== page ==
Notes and Editorial Reviews
Pinnock never makes you feel that period performance lacks necessary weight, stirring the blood in a way that even Sir Malcolm Sargent would have envied in the old days.
How authentic is authentic? Trevor Pinnock and The English Concert here add to the already long list of Messiah recordings one which, while using period instruments, is guaranteed to appeal very widely to traditional lovers of Handel's masterpiece, who might as a rule opt for a performance using modern instruments. That is true to a degree with the three other period-instrument versions I have listed, but even more completely, I feel, Pinnock gets the best of both worlds.
I remember discussing Messiah with a colleague whom I greatly respect, a specialist in early performance practice, who was strongly resisting both the Gardiner (Philips) and Christophers (Hyperion) versions as being essentially modern performances dressed up with period instruments. I fear he will say much the same of this. On the other hand the very elements which may distress the scholars—speeds often easier than we have come to expect of period performance and very slow indeed for a dedicated performance of "He was despised"—will almost certainly add to the attractions for those less committed, whether traditionalists, modernists or newly converted period-performance enthusiasts.
As it happened, the records arrived within days of my hearing Pinnock and substantially the same performers as here, giving Messiah in the University Church in Salzburg. As I have reported last month (page 534), it was one of the great successes of this year's Festival, and what was never in doubt was the intensity of communication, the drama, the excitement, the grandeur as well as the 'dedication', of which the specialists are suspicious on historical grounds. The impact was all the greater with listeners who do not have Messiah presented as often as in English-speaking countries.
The record re-creates very much what I heard in the University Church, with merits that make it stand out even among the highly enjoyable sets listed. One of the most distinctive points is that Pinnock, even more than his rivals, brings out the impact of timpani and trumpets, above all in the "Hallelujah" and "Amen" choruses. In that he stirs the blood in a way that even Sir Malcolm Sargent would have envied in the old days, while in true period-performance fashion reminding me of Roger Norrington in his use of trumpet and timpani in Beethoven with his London Classical Players. With small timpani, dry and crisp in impact, the martial overtones are emphasized, and Robert Howes, the timpanist, reinforces that by adding on the first beat of the final -cadences of those two choruses a most convincing `rataplan' of an ornament, very effectively leading to more ornamentation of the bare timpani part in the score.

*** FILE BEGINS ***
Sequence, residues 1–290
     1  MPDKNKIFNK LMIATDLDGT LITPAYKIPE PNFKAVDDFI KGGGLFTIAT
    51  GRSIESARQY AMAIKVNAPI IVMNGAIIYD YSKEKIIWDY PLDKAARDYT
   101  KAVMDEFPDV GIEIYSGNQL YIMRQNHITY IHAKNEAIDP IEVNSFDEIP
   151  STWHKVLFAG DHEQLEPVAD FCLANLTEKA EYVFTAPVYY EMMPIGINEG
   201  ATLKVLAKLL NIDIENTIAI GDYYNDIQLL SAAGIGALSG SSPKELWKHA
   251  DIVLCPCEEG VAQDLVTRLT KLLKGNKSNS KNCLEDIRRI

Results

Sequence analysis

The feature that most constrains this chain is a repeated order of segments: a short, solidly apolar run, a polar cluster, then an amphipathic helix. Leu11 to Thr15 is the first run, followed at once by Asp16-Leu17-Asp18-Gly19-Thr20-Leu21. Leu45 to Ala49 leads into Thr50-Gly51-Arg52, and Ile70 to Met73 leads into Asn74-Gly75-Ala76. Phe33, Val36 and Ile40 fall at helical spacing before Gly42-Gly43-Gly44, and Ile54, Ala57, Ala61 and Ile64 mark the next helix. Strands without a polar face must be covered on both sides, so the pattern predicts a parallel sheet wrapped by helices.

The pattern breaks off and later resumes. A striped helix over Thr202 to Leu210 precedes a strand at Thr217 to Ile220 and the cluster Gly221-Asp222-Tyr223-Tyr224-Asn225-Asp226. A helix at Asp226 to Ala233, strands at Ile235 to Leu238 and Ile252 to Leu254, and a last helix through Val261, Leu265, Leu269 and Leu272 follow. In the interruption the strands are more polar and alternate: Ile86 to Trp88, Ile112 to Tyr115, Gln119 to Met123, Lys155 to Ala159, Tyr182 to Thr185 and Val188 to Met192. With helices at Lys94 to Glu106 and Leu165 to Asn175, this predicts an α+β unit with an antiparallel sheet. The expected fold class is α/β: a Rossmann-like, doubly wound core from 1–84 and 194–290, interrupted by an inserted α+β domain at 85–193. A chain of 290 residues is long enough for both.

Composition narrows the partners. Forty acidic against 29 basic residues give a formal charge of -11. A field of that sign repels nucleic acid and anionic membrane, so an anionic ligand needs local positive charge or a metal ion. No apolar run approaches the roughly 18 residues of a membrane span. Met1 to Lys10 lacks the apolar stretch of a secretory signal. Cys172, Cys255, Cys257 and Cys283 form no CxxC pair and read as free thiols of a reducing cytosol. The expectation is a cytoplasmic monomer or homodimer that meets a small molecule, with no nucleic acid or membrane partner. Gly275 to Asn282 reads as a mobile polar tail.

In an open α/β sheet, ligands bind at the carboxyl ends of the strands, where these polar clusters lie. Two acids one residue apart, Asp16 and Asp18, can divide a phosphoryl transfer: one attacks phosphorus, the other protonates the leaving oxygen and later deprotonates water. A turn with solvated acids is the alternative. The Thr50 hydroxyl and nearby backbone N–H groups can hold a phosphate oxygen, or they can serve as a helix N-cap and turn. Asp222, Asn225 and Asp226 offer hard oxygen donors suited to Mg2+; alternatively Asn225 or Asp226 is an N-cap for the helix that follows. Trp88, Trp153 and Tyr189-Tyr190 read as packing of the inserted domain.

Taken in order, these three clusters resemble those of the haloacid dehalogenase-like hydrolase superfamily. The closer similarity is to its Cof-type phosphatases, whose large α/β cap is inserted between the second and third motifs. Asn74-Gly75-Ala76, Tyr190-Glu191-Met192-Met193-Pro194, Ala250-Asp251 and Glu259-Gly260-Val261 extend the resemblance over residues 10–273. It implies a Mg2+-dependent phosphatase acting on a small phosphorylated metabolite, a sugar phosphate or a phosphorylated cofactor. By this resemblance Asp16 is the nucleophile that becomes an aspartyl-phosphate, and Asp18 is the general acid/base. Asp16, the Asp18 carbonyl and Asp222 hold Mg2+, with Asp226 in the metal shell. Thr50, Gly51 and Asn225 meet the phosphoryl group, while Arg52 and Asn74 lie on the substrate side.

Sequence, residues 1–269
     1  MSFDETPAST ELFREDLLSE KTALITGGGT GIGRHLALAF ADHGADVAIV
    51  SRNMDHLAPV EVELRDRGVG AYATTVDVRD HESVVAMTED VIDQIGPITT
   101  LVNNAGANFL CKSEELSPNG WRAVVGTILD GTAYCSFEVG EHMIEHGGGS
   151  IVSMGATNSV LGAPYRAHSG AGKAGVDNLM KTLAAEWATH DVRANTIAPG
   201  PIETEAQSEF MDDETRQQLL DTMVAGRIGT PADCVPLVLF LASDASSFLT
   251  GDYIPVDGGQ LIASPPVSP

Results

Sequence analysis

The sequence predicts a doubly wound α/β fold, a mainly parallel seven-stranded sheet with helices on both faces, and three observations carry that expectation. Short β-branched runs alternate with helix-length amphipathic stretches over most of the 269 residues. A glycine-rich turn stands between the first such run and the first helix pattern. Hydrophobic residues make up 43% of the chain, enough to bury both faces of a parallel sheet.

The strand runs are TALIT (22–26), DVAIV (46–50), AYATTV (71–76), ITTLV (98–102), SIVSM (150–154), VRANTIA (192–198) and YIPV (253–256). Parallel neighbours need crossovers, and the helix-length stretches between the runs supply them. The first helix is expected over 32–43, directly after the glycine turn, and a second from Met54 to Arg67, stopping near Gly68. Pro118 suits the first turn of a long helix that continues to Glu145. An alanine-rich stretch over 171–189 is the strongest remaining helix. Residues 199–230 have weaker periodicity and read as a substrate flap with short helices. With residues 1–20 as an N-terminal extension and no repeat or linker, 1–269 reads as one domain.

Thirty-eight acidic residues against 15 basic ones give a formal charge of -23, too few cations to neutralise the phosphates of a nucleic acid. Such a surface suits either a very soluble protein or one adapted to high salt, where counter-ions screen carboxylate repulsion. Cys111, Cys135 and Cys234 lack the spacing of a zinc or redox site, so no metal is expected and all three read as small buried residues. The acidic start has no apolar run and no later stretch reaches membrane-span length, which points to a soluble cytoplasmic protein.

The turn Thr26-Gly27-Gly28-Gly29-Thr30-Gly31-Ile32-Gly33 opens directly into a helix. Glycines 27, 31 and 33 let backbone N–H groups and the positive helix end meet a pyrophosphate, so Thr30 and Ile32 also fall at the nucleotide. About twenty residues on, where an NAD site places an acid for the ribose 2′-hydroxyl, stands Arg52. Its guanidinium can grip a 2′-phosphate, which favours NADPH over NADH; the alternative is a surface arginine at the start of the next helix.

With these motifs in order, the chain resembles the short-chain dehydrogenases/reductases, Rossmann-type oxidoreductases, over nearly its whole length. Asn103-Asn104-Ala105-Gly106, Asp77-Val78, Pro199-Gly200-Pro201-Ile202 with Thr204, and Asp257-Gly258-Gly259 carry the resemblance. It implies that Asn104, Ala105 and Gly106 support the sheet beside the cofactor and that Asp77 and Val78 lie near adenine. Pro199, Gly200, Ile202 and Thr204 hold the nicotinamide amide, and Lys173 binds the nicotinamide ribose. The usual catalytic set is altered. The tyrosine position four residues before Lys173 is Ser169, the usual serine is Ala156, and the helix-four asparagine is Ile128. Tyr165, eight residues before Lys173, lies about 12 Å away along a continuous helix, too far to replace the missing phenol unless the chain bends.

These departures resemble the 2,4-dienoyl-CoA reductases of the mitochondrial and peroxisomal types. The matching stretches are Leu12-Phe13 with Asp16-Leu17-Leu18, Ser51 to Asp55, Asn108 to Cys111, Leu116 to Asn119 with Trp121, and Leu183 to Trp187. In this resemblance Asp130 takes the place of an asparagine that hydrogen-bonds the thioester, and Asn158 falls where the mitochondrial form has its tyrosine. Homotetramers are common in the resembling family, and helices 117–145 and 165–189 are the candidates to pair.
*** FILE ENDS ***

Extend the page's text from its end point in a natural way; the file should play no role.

Another distinctive point in relation to latterday Messiah recordings, is that a genuine, dark, firm, bass soloist has been chosen, John Tomlinson. When he sang the Salzburg performance, he was in the middle of his stint as the young Wotan in the new Bayreuth Ring cycle, but he is just as ripely resonant here. He has already shown what a fine Handelian he is on record in Gardiner's Archiv version of Hercules and Richard Hickox's EMI set of Alcina. Here it is thrilling to have "The people that walked in darkness", "Behold I tell you a mystery" and "The trumpet shall sound" done not just with clarity and power but with an almost operatic panache.
Traditionalists who lament the lack of dark bass tone and the predominance of baritonal shades in Handel today will, I hope, raise a cheer, and if it comes to authenticity, Handel must surely have been thinking of just such a voice, rather than anything thinner or more discreet. It is true that Tomlinson attacks one or two salient notes from below—exceptionally for him—but in that I imagine he was aiming to make the results even more sepulchral in the first two numbers I mention and more stentorian in the last. It is satisfying too to have a bass who, as well as singing with power, can enunciate the elaborate divisions so cleanly. It is typical of Pinnock's dramatic use of colour within a period-performance framework that the pivoting semiquavers of the Accompagnato of "For behold, darkness shall cover the earth", leading to "The people that walked in darkness" are made to sound eeriely impressionistic at a hushed pianissimo. That contradicts both Watkins Shaw and John Tobin, who give the markingforte, where the traditional Prout edition has piano. Whatever Pinnock's justification, the result is wonderfully atmospheric.